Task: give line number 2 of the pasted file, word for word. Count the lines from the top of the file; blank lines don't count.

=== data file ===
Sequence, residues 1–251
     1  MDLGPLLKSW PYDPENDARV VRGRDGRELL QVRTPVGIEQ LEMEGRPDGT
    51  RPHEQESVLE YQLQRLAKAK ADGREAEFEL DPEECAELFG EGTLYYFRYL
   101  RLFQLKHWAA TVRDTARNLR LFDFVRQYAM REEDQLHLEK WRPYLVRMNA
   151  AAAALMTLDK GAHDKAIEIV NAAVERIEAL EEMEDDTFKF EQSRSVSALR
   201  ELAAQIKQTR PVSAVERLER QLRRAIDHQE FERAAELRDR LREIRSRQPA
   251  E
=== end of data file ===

     1  MDLGPLLKSW PYDPENDARV VRGRDGRELL QVRTPVGIEQ LEMEGRPDGT